Australia the world leader in Salmonella outbreaks

By RJ Whitehead

- Last updated on GMT

Photo: iStock
Photo: iStock

Related tags Foodborne illness

Australia has more outbreaks of Salmonella than any other country, according to researchers in the country who found 73 cases of the bacteria per 100,000 people last year.

Salmonella​ is the second highest cause of bacterial food-borne gastroenteritis in Australia after Campylobacter​, and along with Listeria monocytogenes​, it is responsible for more deaths in Australia than any other food-borne disease, each accounting for about 15 deaths per year, according to Csiro.

Last year, a number of outbreaks were reported, including one that affected 250 school principals attending a conference in Brisbane that was attributed to cross-contamination and poor hygiene.

This year has seen several reported outbreaks, including one allegedly caused by meat and salad rolls from a Sydney bakery, and another from fresh produce that possibly resulted in more than 100 people becoming unwell and sparked a widespread recall of 30 bagged leafy green products. As a result, a nationwide drop in sales for other bagged-salad producers has been reported.

It’s difficult to tell whether food-borne illnesses overall are on the rise or not, but we do know that there are now better detection, tracing and reporting systems, and with social media, people are likely to hear about it more easily and quickly​,” wrote researchers at Australia’s government research institute in an online post.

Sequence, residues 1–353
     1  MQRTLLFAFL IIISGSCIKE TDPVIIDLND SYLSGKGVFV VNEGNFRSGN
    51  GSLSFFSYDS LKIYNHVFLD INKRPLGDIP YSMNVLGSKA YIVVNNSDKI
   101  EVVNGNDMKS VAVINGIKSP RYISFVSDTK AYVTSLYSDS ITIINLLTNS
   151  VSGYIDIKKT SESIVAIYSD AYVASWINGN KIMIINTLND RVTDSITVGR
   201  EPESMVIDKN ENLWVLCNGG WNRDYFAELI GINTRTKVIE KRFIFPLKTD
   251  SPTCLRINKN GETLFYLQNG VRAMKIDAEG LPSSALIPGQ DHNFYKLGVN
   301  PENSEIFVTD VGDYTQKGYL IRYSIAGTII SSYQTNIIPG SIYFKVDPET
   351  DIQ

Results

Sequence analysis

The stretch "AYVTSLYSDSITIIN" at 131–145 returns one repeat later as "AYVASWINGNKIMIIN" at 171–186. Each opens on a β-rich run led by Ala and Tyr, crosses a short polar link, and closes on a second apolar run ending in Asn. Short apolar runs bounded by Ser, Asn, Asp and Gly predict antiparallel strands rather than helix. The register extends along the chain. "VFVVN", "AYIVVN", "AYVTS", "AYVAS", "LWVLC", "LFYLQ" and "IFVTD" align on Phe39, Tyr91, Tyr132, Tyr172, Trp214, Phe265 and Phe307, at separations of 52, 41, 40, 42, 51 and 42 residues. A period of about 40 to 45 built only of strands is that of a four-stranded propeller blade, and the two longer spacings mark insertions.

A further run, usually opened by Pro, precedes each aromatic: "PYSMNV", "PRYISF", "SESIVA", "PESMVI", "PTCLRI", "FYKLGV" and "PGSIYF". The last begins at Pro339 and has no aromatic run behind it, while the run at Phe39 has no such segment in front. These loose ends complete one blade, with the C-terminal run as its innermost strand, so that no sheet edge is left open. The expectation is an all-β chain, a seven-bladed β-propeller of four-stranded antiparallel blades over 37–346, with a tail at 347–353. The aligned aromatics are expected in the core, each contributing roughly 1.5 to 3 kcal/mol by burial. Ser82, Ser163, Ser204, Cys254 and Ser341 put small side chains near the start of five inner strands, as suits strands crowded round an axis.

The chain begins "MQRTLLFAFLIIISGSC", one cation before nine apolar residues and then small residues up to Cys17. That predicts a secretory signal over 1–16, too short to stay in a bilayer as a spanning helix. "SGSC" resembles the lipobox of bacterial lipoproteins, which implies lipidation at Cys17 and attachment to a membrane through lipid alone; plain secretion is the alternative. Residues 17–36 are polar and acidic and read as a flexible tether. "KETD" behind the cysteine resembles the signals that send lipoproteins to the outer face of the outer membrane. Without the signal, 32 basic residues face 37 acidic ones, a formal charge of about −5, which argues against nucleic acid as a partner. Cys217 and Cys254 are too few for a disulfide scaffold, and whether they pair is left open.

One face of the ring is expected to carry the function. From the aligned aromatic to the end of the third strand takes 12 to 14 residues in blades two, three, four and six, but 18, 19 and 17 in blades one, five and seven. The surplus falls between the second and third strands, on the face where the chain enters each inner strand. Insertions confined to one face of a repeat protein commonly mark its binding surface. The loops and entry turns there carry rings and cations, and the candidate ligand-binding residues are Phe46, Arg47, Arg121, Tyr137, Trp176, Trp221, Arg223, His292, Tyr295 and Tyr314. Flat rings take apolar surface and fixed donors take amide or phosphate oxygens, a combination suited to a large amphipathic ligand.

What was unusual about the latter outbreak was that it was in leafy greens, nationwide and that the serotype was Salmonella Anatum​, one of 2,000 different strains of the virus.

Symptoms are similar to infection caused by other Salmonella, ​including fever, diarrhoea, vomiting and abdominal discomfort, though it appears to be a milder and shorter-lived form 

“Salmonella Anatum can cause disease in humans, but in Australia is most frequently isolated from animals such as cattle, sheep, pigs, goats and chickens, and their environments​,” the Csiro researchers wrote.

According to an American study from 2012, the strain was suspected in only one or two out of dozens of outbreaks it investigated.

With just over 17,000 Salmonella ​cases recorded last year, though, Csiro believes that more research is needed to find out why that is, how it’s transmitted and what can be done about it. 

The institute says it is currently working with health authorities and supporting the food industry in a range of food safety and public health issues.

Related topics Policy Oceania Food safety

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